What are we actually doing when we forgive people, whether that be in law, or in our personal or spiritual lives?

This question has literally kept me up at night.

I found this Atlantic article an insightful read, though I’m not sure it establishes a common understanding of what we mean when we say someone is “forgiven” (as opposed to saying someone is “excused” or “justified,” or otherwise shouldn’t be blamed for something bad they’ve done).

Lucy Allais provides the following definition of “forgiveness” in her essay, Wiping the Slate Clean: The Heart of Forgiveness (a great read for anyone who’s interested in this topic): “forgiveness constitutively involves the victim making some kind of separation between the wrongdoer and his wrong act in the way she feels about him, such that the wrong act does not play a role in the way the victim affectively sees the wrongdoer.” I think this definition works well for what the article is communicating to the reader.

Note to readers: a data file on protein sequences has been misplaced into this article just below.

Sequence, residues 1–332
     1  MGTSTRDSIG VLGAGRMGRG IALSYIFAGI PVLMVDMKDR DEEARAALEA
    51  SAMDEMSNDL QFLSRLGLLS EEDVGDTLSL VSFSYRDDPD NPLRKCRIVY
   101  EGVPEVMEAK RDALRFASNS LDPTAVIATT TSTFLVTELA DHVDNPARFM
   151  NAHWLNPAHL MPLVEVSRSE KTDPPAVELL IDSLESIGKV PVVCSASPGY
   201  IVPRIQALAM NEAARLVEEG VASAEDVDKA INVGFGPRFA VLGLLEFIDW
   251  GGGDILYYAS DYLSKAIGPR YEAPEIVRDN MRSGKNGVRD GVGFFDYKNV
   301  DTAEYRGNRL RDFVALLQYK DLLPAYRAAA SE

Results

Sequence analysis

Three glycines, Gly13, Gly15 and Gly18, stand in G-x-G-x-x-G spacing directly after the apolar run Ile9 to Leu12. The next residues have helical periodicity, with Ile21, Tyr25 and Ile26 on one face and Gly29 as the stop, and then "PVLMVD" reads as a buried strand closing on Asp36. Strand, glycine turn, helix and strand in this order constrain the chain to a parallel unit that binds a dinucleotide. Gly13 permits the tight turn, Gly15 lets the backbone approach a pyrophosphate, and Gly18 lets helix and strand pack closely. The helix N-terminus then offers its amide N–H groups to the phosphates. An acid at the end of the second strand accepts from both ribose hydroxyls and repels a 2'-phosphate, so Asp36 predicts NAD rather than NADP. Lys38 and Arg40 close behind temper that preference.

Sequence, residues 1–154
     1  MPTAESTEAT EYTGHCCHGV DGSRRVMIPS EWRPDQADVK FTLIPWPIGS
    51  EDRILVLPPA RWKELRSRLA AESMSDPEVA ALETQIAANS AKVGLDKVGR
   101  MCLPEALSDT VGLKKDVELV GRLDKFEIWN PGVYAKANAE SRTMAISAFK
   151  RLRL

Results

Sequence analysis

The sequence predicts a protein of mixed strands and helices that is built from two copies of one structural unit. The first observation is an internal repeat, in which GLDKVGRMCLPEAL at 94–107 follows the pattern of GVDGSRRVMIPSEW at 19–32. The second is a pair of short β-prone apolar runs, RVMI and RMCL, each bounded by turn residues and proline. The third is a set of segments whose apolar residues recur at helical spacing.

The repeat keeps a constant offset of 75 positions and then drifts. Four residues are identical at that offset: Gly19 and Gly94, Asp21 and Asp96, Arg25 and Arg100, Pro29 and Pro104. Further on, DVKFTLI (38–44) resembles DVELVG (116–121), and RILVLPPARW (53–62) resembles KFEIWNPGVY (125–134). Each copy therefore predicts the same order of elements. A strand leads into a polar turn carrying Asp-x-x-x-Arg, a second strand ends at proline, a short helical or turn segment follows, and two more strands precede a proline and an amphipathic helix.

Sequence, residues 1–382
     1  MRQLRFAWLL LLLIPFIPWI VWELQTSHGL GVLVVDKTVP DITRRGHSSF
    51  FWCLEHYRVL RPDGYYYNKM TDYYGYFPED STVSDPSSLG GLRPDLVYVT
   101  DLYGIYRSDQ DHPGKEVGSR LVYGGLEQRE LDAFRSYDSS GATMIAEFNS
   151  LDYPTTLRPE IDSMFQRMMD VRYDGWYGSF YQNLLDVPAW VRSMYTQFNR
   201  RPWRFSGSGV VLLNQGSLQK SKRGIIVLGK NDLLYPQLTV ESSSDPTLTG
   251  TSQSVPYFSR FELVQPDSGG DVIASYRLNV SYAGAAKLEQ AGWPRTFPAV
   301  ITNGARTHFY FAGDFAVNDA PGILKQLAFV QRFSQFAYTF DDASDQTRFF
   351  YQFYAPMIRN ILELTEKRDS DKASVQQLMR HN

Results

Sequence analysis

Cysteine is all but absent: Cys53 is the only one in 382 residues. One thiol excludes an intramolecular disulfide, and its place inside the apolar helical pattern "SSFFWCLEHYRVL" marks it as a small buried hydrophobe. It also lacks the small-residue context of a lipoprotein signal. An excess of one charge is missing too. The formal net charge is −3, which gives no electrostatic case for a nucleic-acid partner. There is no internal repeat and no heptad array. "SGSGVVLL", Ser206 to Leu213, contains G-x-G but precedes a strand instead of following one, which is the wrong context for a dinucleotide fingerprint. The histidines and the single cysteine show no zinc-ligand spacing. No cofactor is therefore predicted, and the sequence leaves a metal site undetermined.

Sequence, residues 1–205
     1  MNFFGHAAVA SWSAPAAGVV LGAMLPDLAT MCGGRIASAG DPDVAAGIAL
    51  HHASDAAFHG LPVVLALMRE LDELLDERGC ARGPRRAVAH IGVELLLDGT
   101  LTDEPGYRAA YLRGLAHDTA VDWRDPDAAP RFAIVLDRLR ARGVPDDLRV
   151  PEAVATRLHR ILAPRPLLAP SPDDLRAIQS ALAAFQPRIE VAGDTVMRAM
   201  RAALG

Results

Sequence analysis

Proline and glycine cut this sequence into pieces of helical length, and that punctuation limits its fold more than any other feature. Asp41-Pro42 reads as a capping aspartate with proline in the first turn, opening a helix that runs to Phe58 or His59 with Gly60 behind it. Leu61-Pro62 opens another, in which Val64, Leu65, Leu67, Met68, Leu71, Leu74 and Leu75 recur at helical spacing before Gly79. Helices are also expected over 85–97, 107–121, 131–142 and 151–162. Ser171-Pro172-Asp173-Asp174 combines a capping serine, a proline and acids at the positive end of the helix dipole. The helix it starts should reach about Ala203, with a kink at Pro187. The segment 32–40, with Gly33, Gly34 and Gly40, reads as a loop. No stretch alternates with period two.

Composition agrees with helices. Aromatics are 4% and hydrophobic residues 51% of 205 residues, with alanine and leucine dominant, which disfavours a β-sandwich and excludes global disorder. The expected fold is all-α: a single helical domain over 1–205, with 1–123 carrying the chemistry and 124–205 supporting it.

With that definition in mind, this article explores the physical and psychological benefits of forgiveness, applying some unique scientific analysis to a topic that’s rather abstruse.

From the article:

“Talking about the “benefits of forgiveness” can feel slightly self-serving, like donating to charity only so you can tell people about it later. But one reason why people might avoid forgiving is that it feels like the offender gets away with something—especially if he or she never apologized. In that sense, at least, it’s worth considering what’s in it for the forgiver. And as it turns out, there’s a lot.”


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